RSS | Register/註冊 | Log in/登入
Site search:
Home>News Articles>Highlights of Accomplishments in 2008>The threat of soil pollution to food safety and sustainable agriculture
facebook分享
 March 20 2008
Soil and plant sampling in a rice field in Taiwan for heavy metals detection.

Soil and plant sampling in a rice field in Taiwan for heavy metals detection.

TSUKUBA, JAPAN - The Asian economy has been growing fast in recent decades, and environmental stresses are building up rapidly along the way. Most alarming is the increasing contamination of heavy metals in soils due to rapid industrialization, urbanization and intensive agriculture in the region. Soil, which is the landscape for the ecosystem and the basic resource for food production, is now threatened by 'soil pollution,' which has no obvious warning signs, and so has been growing unnoticed in many fields in Asian countries.

Along with industrial expansion, arable lands have been gradually degraded or contaminated with heavy metals and organic pollutants in most Asian countries. In the past two decades, this trend became more evident, significantly aggravating the quality of soils and crops as the concentration of pollutants continue to increase. Consequently, this brings about great risks to human health and the deterioratation of environmental quality.

There is also a growing public concern in the region over the detection of heavy metal uptake by crops which affect food quality and safety. With the opening up of the rice market, changing land use from paddy soils into non-waterlogged cropping system has posed some problems on soil properties and soil systems. Some irrigation water for rice production in the region are contaminated by illegal discharges of waste from industrial parks or livestock wastewater and has affected the paddy soil qualities and food safety by heavy metals.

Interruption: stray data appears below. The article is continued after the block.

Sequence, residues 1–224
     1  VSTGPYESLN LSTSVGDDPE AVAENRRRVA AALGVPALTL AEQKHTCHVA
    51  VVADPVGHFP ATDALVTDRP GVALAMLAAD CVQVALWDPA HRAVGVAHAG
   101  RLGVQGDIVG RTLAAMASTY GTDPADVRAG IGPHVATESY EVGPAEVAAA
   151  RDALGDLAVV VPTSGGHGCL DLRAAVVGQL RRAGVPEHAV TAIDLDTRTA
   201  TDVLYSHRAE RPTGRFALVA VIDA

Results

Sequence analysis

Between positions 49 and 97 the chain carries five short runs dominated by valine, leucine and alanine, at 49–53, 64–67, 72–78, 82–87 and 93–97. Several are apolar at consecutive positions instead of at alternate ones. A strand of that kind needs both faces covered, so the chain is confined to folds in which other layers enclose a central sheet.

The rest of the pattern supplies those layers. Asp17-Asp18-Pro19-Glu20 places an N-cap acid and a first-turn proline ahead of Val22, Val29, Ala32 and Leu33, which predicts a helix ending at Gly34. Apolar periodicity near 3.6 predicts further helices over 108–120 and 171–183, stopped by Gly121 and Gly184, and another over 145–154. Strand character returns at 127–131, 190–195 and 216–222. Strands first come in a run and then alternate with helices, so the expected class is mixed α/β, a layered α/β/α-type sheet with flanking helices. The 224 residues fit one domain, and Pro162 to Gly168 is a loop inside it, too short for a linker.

The concern over soil contamination stems primarily from health risks, both of direct contact and from secondary contamination of water supplies. In some developed countries where the extent of contaminated land is most well known, having a legal framework to identify and deal with this environmental problem has become a requisite. This however may well be just the tip of the iceberg, with developing countries very likely to be the next generation of new soil contamination cases.

Against this backdrop, FFTC collaborated with the East and Southeast Asian Federation of Soil Sciences (ESAFS) in the conduct of the 8th ESAFS Conference held in Tsukuba, Japan in October 2007. About 300 soil scientists in east and southeast Asian countries attended the conference, where FFTC sponsored a special session to bring into the mainstream recent trends and issues on New Solutions to Soil Pollution and Distribution, Bioavailability and Management of Heavy Metals. During this special session, a total of nine FFTC-invited participants presented papers on such topics as: new aspects of collaborative research on soil pollution, food safety and soil remediation in Asia; estimation of the bioavailability of heavy metals in soils in different contaminated sites; estimation of heavy metals concentration in crops; and reduction of bioavailability of heavy metals on crops through soil remediation techniques.

The special session was intended to collect reliable data and useful information to develop methodologies to rehabilitate arable lands that have been gradually degraded or contaminated with heavy metals and organic pollutants in most Asian countries, toward the promotion of safe food production in the region.